71 Mo. 636 (Mo. 1880), Henze v. St. Louis, K.C. & N. Ry. Co.
|Citation:||71 Mo. 636|
|Opinion Judge:||HENRY, J.|
|Party Name:||HENZE v. THE ST. LOUIS, KANSAS CITY & NORTHERN RAILWAY COMPANY, Appellant.|
|Attorney:||Wells H. Blodgett, Jno. F. Williams and Charles A. Winslow for appellant. J. L. Smith, L. C. Krauthoff, Rudolph Hirzel, H. W. Johnson and Forrist, for respondent.|
|Court:||Supreme Court of Missouri|
Appeal from Audrain Circuit Court. --HON. G. PORTER, Judge.
Returning from Jonesborough in a two horse wagon, Fred Henze and his son, about six years of age, in passing over defendant's railroad at a public crossing in Montgomery county, known as Holland's crossing, were struck and killed by the engine of a passenger train running west. Plaintiff, the widow of Henze and mother of the lad, sued defendant for $10,000, alleging that the death of her husband and son was occasioned by the negligence of the defendant's employees in running and managing the train. She obtained a judgment for $10,000, from which the defendant has appealed.
There was a conflict in the evidence for plaintiff, as to whether the deceased could have seen an approaching train after he turned south from the Boonslick road, until he got upon the track, a distance of 100 yards. Some of plaintiff's witnesses testified that, if he had looked, he could, and others that he could not have seen a train approaching from the east; but that he could have heard the train if he had stopped and listened was proven by John Thompson, Albert Kilgore, Anthony Horton, Rhoda Brooks, James Ferguson, Thomas Kimbal and Mrs. Drew, witnesses for plaintiff. Katie Wood, Douglas Kilgore, Thomas Patton and G. W. Lehne testified that they did not hear it. Thomas Patton was laying a floor in a corn crib, on the side of the road running south to the railroad track, working with an axe, and the noise he made at his work would probably have prevented him from hearing the noise made by the train. G. W. Lehne was 150 yards north of the crossing, traveling in a wagon, and the noise made by his wagon may have prevented him from hearing that made by the train. Douglas Kilgore was 130 yards south of the crossing, and Katie Wood was crossing the railroad track at a point west of the Holland crossing, and did not hear the train approaching until it came very near her.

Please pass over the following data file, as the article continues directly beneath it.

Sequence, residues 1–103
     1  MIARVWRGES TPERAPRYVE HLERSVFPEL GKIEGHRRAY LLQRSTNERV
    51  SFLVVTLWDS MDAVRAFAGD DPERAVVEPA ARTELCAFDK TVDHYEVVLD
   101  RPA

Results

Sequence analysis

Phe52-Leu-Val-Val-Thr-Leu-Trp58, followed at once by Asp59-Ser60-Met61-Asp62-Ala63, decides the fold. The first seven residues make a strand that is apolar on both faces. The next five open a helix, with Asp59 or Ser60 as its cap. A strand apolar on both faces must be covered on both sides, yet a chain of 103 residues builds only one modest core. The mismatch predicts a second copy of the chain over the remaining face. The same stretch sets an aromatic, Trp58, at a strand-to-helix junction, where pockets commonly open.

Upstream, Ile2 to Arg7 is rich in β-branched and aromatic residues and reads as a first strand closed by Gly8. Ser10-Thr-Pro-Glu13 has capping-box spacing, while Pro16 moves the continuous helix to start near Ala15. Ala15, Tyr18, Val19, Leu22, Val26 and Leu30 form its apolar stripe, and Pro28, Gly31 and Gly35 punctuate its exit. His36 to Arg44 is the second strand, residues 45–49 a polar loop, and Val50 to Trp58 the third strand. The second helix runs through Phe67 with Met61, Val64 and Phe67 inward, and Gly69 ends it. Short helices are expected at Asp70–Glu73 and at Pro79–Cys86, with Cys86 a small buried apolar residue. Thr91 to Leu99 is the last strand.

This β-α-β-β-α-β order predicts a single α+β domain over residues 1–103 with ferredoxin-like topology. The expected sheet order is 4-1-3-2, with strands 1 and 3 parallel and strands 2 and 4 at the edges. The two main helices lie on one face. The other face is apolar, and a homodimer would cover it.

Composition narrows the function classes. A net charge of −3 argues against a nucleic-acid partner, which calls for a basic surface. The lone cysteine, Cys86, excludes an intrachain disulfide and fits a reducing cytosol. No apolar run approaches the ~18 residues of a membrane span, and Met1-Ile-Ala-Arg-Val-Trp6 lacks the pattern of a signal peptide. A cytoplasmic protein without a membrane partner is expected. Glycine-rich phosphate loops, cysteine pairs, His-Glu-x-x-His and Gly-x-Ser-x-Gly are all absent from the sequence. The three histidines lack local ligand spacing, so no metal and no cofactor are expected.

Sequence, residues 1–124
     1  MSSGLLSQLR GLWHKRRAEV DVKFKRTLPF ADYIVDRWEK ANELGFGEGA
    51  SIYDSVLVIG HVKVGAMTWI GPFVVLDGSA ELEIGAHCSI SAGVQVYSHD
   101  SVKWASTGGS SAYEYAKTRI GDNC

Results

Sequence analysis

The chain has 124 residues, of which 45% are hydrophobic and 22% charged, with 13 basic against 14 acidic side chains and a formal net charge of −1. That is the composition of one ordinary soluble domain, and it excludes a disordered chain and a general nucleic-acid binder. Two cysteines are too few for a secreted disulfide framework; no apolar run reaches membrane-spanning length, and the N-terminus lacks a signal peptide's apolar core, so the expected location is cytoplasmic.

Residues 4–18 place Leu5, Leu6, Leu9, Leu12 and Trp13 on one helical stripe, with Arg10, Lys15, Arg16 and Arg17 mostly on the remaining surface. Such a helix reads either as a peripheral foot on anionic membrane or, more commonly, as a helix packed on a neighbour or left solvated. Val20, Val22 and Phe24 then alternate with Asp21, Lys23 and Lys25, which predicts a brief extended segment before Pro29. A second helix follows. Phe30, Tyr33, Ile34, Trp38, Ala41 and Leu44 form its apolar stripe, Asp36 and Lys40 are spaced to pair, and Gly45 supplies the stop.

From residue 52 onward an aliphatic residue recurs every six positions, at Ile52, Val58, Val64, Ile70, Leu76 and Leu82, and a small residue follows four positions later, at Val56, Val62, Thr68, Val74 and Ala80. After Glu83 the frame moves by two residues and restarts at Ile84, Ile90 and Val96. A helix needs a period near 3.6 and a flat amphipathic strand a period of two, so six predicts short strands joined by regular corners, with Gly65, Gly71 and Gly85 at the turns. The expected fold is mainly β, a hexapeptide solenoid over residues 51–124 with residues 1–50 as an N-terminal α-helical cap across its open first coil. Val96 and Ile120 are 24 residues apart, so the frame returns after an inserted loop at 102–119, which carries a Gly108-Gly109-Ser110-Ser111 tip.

The positive testimony of the witnesses who heard the train is not contradicted by that of those who did not hear it, and establishes the fact that Henze could have heard the train if he had stopped and listened. Whether one does or does not hear so that he can testify to a given sound depends upon the degree of attention he may give to its source. The familiar example of several persons being in a room where there is a clock, one or more of whom state that they heard it strike, while the others testify that they did not hear it, is an apt illustration of the difference between mere negative and contradictory evidence. If the witnesses are equally credible, although the number of those who say they did not hear it exceeds that of those who say they did, yet the testimony of the latter is to be regarded as establishing the fact, because it is consistent with, and not contradictory of, the negative evidence. If the others had testified also that, for some particular reason, their attention was called to the clock when it should have struck, and that they did not hear it, a conflict of evidence would be presented. The witnesses here simply stated that they did not hear the train, and their testimony does...
To continue readingFREE SIGN UP